7. Evidence existed that the patient (including whanau and important others) were included in treatment planning.
  8. A written copy with information about medication, treatment plans and key contacts, eg, CAHT to call (if needed) was provided.
  9. The patient’s general practitioner (GP) received a full copy of the discharge plan including any medication recommendations, ie, evidence from Clinical Results Viewer (CRV) report of correspondence sent to GP.
  10. The potential for further/future overdose risk was considered in prescribing medications, ie, treatment plans indicated that medications were prescribed and dispensed in dosages and quantities that are less likely to be lethal in overdose or in combination with other drugs or alcohol, ie, close control prescribing.

Table 2: Sixteen-item risk assessment checklist.

Comprehensive suicide assessment:

  1. The description of suicide attempt existed.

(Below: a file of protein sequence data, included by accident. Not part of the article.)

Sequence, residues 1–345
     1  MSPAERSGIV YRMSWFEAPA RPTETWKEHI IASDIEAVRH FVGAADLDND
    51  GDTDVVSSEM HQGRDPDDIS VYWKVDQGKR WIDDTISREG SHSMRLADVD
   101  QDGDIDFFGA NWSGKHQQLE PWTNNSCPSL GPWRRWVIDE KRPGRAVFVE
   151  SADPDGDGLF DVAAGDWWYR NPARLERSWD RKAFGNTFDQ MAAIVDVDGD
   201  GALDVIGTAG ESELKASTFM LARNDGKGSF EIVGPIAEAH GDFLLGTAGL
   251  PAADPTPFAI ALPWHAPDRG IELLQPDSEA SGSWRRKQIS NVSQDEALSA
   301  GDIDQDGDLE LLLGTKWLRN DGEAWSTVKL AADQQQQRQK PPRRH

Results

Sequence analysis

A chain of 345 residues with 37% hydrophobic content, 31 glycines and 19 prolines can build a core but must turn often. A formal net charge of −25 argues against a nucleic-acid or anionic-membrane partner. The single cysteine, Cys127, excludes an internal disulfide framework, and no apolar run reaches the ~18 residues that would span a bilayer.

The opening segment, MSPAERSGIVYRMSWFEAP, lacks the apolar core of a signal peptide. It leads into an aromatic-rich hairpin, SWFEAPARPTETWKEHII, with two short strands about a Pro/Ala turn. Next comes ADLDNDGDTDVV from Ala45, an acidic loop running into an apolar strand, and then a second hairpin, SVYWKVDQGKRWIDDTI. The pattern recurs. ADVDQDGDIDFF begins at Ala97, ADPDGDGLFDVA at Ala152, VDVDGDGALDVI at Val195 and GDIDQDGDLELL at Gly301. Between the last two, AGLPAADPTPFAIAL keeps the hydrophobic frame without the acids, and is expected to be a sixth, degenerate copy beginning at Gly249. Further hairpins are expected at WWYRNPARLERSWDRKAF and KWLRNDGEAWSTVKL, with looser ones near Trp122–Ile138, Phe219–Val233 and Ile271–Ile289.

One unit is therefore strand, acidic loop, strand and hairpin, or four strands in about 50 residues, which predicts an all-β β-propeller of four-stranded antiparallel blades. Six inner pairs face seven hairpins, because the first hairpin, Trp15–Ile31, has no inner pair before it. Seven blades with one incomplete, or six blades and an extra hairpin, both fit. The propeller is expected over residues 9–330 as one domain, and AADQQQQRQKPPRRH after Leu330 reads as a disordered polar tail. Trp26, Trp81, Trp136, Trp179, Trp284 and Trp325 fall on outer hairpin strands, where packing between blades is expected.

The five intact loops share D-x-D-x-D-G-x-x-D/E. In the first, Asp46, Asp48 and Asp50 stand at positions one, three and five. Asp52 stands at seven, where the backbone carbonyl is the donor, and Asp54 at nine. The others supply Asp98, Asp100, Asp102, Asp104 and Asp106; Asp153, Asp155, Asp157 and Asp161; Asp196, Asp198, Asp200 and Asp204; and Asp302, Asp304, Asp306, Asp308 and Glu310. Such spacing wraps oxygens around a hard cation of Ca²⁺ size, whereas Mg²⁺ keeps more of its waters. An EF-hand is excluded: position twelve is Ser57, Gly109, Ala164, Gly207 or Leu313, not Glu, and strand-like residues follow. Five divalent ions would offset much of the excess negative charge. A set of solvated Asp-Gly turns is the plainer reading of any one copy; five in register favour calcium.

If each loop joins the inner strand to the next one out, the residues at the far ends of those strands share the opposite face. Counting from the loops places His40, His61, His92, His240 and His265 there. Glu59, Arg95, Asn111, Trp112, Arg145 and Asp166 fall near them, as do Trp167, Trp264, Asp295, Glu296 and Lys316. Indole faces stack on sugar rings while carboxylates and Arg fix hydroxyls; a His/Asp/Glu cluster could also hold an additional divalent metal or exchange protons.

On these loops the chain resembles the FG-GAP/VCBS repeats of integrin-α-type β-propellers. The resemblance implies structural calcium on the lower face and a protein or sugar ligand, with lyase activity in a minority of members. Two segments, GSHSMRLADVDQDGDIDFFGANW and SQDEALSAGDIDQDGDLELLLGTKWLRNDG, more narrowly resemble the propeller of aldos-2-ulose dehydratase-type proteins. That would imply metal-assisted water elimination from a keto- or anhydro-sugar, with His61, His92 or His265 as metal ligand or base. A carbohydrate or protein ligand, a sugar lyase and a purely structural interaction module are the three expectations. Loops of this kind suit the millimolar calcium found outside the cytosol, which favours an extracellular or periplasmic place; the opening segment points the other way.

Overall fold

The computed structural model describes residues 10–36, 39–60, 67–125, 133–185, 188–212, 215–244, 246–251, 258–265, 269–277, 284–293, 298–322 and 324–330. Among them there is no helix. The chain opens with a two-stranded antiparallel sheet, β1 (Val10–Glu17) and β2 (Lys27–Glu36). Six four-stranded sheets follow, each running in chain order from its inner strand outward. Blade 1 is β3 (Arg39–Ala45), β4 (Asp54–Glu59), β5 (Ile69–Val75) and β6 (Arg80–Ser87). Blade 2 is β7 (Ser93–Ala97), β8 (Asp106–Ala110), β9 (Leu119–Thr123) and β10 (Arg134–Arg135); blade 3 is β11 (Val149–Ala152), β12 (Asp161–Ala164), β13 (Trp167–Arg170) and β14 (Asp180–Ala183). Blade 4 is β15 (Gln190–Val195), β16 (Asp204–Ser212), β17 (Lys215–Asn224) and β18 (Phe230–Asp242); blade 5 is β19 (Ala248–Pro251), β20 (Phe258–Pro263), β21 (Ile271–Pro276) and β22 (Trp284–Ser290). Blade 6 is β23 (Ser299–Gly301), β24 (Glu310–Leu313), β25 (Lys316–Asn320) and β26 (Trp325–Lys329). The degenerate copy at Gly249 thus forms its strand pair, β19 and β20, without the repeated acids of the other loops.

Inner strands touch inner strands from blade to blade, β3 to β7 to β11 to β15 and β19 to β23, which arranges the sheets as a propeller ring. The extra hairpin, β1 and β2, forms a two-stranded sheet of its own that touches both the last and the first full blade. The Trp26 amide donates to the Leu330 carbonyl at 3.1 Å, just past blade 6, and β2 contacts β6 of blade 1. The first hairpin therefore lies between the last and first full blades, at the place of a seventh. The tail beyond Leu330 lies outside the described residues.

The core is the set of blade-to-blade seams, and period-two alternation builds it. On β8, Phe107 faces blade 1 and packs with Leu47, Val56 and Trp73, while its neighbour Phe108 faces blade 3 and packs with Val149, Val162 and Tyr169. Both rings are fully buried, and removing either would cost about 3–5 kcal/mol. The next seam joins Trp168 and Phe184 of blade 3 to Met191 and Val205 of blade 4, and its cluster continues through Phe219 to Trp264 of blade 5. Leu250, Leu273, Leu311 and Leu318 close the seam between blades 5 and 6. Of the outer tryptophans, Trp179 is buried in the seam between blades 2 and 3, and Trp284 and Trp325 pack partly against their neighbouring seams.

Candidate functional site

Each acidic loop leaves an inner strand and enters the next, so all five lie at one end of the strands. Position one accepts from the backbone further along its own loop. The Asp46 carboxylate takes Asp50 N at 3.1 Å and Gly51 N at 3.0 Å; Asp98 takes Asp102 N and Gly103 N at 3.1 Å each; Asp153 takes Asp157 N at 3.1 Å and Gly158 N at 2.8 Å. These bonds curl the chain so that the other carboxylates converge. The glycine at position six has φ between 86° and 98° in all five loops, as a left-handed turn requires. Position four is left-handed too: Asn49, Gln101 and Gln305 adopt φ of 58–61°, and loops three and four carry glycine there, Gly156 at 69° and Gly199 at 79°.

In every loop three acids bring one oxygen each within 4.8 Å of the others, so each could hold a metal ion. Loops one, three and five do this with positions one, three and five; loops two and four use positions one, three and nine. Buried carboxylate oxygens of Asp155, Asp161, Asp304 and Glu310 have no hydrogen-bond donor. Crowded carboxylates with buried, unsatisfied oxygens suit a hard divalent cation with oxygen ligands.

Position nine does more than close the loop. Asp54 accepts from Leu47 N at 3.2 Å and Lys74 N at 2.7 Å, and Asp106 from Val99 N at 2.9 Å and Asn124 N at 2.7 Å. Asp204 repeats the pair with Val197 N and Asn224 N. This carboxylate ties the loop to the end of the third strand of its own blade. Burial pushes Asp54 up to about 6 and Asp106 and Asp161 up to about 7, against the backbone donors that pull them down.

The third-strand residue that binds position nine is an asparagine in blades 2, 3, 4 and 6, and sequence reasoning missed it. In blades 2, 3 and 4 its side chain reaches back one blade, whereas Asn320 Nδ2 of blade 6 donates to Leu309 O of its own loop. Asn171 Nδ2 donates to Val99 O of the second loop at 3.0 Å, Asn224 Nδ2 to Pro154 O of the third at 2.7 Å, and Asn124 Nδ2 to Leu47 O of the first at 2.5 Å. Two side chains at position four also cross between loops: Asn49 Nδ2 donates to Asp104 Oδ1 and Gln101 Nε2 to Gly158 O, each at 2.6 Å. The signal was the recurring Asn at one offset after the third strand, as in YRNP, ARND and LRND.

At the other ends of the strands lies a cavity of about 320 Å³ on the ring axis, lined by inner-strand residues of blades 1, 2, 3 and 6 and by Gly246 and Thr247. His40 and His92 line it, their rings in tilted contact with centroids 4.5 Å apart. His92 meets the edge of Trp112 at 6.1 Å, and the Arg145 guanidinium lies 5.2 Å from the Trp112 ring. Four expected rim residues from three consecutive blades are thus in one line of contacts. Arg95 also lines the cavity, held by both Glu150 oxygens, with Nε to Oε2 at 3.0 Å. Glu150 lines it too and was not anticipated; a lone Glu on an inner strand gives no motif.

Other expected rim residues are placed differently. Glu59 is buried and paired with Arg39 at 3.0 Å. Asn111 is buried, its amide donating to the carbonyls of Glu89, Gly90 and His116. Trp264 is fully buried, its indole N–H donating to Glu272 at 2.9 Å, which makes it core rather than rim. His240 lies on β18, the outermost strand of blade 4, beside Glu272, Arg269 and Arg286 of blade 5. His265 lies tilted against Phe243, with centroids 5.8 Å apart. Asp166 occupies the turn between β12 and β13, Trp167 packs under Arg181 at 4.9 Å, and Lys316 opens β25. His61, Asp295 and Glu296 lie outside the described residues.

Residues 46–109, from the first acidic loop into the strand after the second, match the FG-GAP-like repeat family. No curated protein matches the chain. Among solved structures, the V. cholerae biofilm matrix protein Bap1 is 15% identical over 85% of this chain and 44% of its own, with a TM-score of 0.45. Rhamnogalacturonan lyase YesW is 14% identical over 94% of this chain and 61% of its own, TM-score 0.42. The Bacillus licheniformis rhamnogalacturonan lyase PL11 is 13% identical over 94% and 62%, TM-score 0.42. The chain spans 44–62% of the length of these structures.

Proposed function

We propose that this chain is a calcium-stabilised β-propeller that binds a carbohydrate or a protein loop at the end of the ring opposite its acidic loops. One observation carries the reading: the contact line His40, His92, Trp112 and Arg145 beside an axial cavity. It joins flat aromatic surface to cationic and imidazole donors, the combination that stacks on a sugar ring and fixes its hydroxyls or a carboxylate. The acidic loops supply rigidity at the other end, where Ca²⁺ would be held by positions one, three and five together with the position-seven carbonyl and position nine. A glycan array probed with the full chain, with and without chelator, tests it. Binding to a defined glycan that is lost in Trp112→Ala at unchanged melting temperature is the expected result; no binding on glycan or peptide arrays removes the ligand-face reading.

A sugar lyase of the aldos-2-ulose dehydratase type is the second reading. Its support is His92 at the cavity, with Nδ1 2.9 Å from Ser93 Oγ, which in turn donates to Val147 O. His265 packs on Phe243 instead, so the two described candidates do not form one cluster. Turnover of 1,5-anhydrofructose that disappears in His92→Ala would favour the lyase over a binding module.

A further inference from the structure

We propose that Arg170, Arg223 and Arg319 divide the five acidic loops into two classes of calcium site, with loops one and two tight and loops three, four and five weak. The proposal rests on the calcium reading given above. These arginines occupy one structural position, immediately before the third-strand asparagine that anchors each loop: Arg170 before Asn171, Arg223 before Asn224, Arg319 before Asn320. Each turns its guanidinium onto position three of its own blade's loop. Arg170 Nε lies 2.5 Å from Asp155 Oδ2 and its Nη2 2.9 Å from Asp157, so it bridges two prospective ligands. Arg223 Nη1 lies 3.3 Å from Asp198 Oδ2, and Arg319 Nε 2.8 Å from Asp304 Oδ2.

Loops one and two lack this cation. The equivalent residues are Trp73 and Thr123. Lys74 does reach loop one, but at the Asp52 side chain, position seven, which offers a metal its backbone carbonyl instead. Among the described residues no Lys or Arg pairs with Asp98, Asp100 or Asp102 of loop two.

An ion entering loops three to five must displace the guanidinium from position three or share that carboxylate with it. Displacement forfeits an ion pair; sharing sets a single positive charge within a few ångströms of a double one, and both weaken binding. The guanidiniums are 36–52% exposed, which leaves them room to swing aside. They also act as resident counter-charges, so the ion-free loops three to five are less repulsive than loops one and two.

2. The association with alcohol intoxication/dependence history was asked about (and recorded).
  3. Duration and sophistication of prior planning (including presence of a farewell letter) was recorded.
  4. Access to further methods for DSH was explored, eg, access to medications, firearms, etc.
  5. Psychosocial stresses (ie, Predisposing, Precipitating and Perpetuating factors) that are believed to have contributed to DSH attempt identified.
  6. Attitude to surviving DSH recorded.
  7. Attitude to current and immediate future personal safety documented.
  8. Presence of protective factors explored and documented.
  9. Presence of depressive features explored and documented.